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In campaigns, so much turns on identifying, persuading, and turning out the perennial likely voter. LVs, as they’re known, are a consistent target of pollsters and, depending on if they’re your supporters, the campaign’s broader mobilization efforts. But in 2018, this question persists: How precisely can we measure which voters actually intend to vote, and which don’t?
New research from my shop, the Environmental Voter Project, sheds light on this, while also revealing a deeper problem: People don’t tell the truth to pollsters, and often report that they have voted in the past when records reveal that they haven’t.
We recently surveyed 8,567 registered voters using state voter files, and asked each respondent to describe his or her voting behavior in detail. We then compared each person’s survey response to his or her public voting history, measuring how often people say they vote, versus how often they actually vote.
The survey results were stunning: 78.1 percent of the poll’s respondents over-reported their actual voting histories.
Voting respondents fell into three main groups: those who vote in every election, those who vote only in presidential and midterm elections, and those who vote only in presidential elections. In each of these three categories, a majority of respondents over-reported their actual voting histories. Only among people who said they “never vote” did we find a majority of respondents telling the truth.
These findings highlight a particularly strong “social desirability bias” with respect to voting habits: survey respondents answer in a way they think will be viewed favorably by others, rather than simply answering truthfully.
While pollsters have known about (and tried to control for) this phenomenon for some time, this new study reflects just how pervasive this problem is throughout the electorate. If the overwhelming majority (nearly 80 percent) of registered voters are over-reporting their past voting habits, even larger numbers of voters could be over-reporting their intent to vote in upcoming elections. Unless pollsters start basing their analyses on public voting histories – which is rare and expensive – they will struggle to accurately identify LVs.
Although problematic for pollsters, these findings create an important opportunity for voter mobilization organizations and campaigns. Where there is a significant difference between someone’s reported behavior and their actual behavior, an opportunity arises to change that person’s habits by highlighting this discrepancy.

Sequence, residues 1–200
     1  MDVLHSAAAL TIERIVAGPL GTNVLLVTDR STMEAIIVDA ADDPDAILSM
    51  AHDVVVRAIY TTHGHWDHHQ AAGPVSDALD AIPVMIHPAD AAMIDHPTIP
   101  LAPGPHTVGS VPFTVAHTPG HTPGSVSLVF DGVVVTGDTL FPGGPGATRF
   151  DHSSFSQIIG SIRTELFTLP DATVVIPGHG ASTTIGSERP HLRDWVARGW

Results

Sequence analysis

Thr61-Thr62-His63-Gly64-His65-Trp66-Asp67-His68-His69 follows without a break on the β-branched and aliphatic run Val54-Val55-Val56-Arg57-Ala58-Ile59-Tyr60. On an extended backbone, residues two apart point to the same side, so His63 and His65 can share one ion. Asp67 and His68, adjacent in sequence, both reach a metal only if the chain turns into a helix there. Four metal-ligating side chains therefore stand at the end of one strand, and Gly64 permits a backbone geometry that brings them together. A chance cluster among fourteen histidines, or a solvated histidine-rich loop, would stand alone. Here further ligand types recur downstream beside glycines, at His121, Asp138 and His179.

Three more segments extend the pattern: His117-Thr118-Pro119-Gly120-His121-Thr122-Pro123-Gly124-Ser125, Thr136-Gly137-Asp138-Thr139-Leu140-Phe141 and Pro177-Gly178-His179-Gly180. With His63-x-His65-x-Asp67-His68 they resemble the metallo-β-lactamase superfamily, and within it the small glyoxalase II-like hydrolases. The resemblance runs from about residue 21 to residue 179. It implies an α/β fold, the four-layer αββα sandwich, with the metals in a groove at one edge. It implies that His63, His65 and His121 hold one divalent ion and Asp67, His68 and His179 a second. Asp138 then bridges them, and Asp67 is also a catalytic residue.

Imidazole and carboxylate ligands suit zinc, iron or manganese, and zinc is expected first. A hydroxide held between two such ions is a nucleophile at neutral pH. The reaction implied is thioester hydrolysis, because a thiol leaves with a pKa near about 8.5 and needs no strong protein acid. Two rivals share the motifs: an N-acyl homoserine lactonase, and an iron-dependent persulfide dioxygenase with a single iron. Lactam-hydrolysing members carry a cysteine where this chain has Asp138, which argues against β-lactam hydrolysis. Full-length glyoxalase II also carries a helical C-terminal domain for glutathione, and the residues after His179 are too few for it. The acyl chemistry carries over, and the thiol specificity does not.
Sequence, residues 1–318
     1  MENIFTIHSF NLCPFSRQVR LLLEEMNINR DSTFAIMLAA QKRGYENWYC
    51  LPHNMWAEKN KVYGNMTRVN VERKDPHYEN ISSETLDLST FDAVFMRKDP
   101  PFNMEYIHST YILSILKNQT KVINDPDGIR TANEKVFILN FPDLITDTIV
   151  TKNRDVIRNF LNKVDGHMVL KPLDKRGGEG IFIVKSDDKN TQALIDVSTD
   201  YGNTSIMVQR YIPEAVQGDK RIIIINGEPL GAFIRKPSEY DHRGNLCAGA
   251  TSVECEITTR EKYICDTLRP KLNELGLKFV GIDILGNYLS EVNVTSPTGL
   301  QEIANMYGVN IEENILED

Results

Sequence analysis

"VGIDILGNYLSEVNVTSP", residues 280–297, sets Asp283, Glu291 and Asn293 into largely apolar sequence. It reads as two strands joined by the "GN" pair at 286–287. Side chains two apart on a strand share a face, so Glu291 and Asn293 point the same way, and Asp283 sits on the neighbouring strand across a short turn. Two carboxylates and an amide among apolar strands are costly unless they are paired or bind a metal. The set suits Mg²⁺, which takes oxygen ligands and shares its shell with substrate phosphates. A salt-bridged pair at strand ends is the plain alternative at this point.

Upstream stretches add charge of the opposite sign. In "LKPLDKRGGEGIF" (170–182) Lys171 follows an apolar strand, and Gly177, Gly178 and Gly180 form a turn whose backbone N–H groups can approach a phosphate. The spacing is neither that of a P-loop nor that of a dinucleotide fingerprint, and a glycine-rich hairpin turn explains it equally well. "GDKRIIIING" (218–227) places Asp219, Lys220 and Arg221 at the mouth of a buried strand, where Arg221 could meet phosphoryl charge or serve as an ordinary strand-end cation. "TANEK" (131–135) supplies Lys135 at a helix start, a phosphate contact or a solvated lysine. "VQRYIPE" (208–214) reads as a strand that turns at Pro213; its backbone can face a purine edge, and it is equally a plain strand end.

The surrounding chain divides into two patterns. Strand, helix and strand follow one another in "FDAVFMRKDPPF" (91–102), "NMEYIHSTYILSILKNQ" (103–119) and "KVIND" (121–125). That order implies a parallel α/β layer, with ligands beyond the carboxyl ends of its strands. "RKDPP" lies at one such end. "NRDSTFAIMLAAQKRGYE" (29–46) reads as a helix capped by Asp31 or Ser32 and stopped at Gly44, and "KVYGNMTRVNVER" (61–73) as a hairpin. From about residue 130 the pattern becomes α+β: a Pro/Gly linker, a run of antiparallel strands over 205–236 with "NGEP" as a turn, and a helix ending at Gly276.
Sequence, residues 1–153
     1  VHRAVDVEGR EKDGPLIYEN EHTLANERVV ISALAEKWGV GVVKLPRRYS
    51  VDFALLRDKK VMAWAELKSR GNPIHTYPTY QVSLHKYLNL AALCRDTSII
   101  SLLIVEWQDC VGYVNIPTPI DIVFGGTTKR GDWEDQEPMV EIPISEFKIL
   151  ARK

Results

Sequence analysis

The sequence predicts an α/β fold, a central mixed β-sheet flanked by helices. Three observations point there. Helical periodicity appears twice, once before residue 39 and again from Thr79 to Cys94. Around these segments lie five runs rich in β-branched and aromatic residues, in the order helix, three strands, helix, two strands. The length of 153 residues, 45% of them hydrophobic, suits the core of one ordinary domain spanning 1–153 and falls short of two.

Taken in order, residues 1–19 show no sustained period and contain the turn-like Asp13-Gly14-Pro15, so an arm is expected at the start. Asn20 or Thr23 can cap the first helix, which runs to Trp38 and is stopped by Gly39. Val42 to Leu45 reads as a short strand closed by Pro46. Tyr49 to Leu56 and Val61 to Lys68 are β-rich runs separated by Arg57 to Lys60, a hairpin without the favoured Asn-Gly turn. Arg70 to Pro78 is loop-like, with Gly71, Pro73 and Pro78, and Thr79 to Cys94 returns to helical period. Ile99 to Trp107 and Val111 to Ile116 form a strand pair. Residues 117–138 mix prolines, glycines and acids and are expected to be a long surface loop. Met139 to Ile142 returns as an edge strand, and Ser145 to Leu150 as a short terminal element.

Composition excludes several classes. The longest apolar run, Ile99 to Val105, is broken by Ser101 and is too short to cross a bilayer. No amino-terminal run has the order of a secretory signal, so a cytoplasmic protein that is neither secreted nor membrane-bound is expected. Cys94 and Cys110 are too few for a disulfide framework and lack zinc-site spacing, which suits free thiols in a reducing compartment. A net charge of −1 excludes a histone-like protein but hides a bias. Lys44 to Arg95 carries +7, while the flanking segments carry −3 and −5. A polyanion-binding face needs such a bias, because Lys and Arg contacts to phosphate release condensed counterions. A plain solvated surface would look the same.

Often referred to as “social pressure messaging,” this turnout strategy pressures people to vote by monitoring their compliance with civic norms (such as the norm of being a good voter) and pointing out where their behavior contravenes those norms. This approach has successfully increased voter turnout in hundreds of recent mobilization experiments.
One reason social pressure messaging is so effective is that registered voters (even those who never vote) have a profound desire to be perceived by others as being good voters. As reflected in the Environmental Voter Project’s study, even awful voters embrace the societal norm that voting is a good thing. Messages that play to this desire – for instance, by reminding voters that their voting histories are public information – can significantly increase turnout.
Moreover, collecting “voting pledges” from prospective voters – and then reminding them of their pledge prior to Election Day – can dramatically boost turnout. Voters don’t necessarily need to be reminded of an upcoming election. But this pledge system works because people want to be viewed as honest promise-keepers. In fact, they’re trying to comply with a societal norm.
Although our study didn’t find any demographic groups that were particularly prone to lying about their voting histories, the survey’s responses were not weighted to measure such results. In the future, it may be fruitful for researchers to measure whether certain voters are more likely to over-report their voting histories, as these populations might be uniquely susceptible to social pressure messaging.
In short, identifying which voters tend to lie about their voting histories might be just as important as knowing voters’ opinions and priorities. People who say they vote but don’t could be more likely to care about how their voting habits are perceived by others. And that’s where social pressure turnout messaging could have its biggest impact.
Nathaniel Stinnett is the founder and executive director of the Environmental Voter Project, a non-partisan nonprofit that uses data analytics to identify non-voting environmentalists and then applies behavioral science to nudge them into being better voters.